Marie-Joseph Angelique was considered a rebel slave. Her owner, a French woman in Montreal called Thérèse de Couagne de Francheville, had refused to give her freedom and thus she reigned terror in the household.
When the merchant houses were burnt down, all fingers pointed to Angelique, with her quest from freedom from her bondage used as basis of her trial.
Angelique was born in Madeira, Portugal around 1705. Not much is known about her childhood, but it is believed she was enslaved in her home town. In her early teens, she was sold to Nichus Block, a Flemish merchant and transported to North America, where she was purchased by François Poulin de Francheville at the age of 20.
She was a domestic slave at Francheville’s hometown of Montreal and when he died, her ownership transferred to his widow, Therese, who is credited with naming her ‘Angelique’ after her own daughter, according to the Canadian Encyclopedia.
For the nine years she stayed at the Francheville house, Angelique gave birth to three children fathered by a Madagascar-born slave, Jacques César. None of the children survived infancy. Angelique also had a lover, an indentured white labourer known as Claude Thibault, who is believed to have helped her set fire to the merchant houses.
In 1733, Angelique asked Therese for her freedom but the latter refused, sending Angelique into rage. According to Afua Cooper’s The Hanging of Angelique, she not only made life hard for fellow enslaved woman but also threatened to kill Therese.
Therese sold Angelique in 1734 to one François-Étienne Cugnet of Québec City and was waiting for the ice to thaw over the river so Angelique could leave by boat. Upon hearing of the sale and rumours that she would be shipped off to the West Indies, Angelique threatened to burn down Therese’s house with her in it.
Angelique and her lover Thibault decided to run away. Her aim was to go back to France. However, they were captured near Chambly; Angelique was sent back to Therese and Thibault to jail.
On April 10, 1734, at least 46 merchant houses in Montreal burnt down. The following day, Angelique was arrested, accused of arson. As per the law in the French colony in the 18th century, an accused person was already considered guilty and tried under public inquisitions, which meant that Angelique could not prove her innocence. Worse: France had abolished lawyers in colonies, so she could not be represented.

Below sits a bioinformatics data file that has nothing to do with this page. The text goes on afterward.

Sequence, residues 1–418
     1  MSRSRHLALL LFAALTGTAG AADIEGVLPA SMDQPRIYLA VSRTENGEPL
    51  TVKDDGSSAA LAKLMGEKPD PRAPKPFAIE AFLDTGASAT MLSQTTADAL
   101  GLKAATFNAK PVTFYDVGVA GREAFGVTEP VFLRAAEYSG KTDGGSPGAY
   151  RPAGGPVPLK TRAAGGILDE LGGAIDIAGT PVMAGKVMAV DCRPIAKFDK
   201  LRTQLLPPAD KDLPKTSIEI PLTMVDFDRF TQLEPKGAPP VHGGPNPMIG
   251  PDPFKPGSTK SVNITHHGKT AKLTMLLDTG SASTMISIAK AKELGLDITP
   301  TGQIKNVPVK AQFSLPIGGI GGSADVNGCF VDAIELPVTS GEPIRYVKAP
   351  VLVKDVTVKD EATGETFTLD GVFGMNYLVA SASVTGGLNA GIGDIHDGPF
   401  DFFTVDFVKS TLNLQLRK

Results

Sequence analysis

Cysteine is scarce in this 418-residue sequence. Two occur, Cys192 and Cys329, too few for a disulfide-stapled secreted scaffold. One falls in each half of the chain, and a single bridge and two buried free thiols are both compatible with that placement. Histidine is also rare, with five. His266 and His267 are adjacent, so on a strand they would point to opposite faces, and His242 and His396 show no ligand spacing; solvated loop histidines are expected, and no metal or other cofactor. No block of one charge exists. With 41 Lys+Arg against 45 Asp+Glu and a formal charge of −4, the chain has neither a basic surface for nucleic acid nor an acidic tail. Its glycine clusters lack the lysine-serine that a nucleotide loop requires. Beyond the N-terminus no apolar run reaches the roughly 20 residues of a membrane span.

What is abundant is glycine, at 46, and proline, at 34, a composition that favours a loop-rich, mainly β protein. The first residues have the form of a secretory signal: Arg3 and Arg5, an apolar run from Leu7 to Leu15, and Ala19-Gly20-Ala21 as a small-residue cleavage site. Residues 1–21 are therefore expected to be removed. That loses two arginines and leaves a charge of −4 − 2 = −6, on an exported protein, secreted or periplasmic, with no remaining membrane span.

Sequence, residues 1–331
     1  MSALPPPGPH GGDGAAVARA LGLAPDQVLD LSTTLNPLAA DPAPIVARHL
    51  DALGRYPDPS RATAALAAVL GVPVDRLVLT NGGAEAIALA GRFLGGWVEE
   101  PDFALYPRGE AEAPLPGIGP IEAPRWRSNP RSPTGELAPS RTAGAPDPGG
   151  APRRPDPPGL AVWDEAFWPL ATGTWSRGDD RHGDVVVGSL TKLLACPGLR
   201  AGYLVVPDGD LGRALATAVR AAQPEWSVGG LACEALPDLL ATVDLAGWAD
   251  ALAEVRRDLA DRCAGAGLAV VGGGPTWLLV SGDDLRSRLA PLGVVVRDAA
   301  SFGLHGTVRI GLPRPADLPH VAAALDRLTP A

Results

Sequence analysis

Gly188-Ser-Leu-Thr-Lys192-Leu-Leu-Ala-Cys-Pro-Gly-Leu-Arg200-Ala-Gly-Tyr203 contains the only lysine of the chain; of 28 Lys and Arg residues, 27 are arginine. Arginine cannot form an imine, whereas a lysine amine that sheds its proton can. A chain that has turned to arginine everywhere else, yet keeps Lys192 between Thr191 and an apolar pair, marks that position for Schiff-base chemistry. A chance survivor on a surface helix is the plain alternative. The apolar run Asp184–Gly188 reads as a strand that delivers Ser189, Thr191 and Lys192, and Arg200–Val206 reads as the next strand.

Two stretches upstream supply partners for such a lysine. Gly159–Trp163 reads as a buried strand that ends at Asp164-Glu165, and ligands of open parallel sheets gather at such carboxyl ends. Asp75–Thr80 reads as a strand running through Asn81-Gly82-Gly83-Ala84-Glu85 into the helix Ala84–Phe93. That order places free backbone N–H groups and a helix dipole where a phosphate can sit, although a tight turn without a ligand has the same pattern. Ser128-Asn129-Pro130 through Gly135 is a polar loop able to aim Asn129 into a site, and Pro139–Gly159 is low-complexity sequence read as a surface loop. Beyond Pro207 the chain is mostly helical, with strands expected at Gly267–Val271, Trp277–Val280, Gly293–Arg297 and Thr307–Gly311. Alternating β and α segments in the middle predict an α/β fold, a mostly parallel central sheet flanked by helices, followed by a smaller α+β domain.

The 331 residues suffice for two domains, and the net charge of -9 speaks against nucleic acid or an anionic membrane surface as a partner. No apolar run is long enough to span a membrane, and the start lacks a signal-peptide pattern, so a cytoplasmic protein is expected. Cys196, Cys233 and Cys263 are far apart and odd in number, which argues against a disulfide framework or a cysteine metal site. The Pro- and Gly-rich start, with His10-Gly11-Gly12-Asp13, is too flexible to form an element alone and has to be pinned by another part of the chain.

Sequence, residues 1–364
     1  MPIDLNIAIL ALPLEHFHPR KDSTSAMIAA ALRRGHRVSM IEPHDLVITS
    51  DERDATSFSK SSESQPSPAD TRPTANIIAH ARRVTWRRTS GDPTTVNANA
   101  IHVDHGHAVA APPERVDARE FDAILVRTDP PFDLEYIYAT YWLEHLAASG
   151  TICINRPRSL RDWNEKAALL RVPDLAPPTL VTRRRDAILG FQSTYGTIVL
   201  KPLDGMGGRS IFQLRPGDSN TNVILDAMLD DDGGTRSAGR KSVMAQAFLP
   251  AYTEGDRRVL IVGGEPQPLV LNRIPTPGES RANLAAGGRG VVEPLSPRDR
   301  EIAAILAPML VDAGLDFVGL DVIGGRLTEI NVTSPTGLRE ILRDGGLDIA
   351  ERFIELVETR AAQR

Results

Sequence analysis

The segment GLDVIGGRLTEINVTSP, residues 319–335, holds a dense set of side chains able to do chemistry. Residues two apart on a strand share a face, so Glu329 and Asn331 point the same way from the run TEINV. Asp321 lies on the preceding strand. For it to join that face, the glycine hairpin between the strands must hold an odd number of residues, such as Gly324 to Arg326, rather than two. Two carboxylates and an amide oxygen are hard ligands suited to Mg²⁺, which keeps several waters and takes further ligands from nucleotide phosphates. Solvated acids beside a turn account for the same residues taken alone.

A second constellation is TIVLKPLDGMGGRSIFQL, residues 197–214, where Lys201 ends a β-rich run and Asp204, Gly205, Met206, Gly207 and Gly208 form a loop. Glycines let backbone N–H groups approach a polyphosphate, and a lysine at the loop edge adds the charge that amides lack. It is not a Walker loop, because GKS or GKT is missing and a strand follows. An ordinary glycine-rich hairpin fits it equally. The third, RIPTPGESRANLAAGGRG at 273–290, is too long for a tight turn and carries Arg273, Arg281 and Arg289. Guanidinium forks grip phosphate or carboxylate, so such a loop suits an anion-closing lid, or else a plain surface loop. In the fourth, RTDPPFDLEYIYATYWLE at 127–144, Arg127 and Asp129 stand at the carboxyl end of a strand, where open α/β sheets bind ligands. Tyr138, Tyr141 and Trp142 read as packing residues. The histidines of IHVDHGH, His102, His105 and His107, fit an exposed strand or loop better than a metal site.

Angelique was just 29 years old when she was brought before Montreal judge Pierre Raimbault, king procurator, François Foucher, king’s scribe Claude-Cyprien-Jacques Porlier and four notaries. Twenty-four witnesses were called in, 23 of whom accused Angelique on the basis that she told them she would start the fire. Among these was Therese’s five-year old niece.
The 24th witness claimed that she saw Angelique “carrying a pot of live coals up to the roof minutes before the fire started,” and the court based the arson on Angelique’s desire to flee and cover her tracks.
In just six weeks, Angelique was found guilty and sentenced to death. As per the sentence, her hands were to be cut off before she was burned alive. She made an appeal to a superior court in Quebec, only for the court to uphold the death sentence but instead of being burnt alive, she would be tortured, hanged, and then her body burned.
All through the trial in both courts, Angelique maintained that she did not start the fire.
On June 20, 1734, Angelique was tortured using the medieval device called brodequins, which crushed her legs. She confessed to the arson but refused to name Thibault as an accomplice. Later, dressed in white and with a torch in her hand, Angelique was placed in a garbage cart and taken to the
Notre-Dame Basilica. She confessed her crime and sought forgiveness from God, the king and the people.
After Angelique was hanged, her body was displayed on the gibbet for two hours before it was burnt and her ashes scattered to the four winds.
Until today, it is really not known whether Angelique committed the arson. One thing for sure is that she became a symbol of resistance in a society that turned a blind eye to the atrocities of slavery happening right before them.
Angelique’s story was buried in Canadian history, which preferred to showcase its role in the Underground Railway rather than the real state of slavery in the country. It took the discovery of documents detailing this dark part of history for Angelique’s story to be told.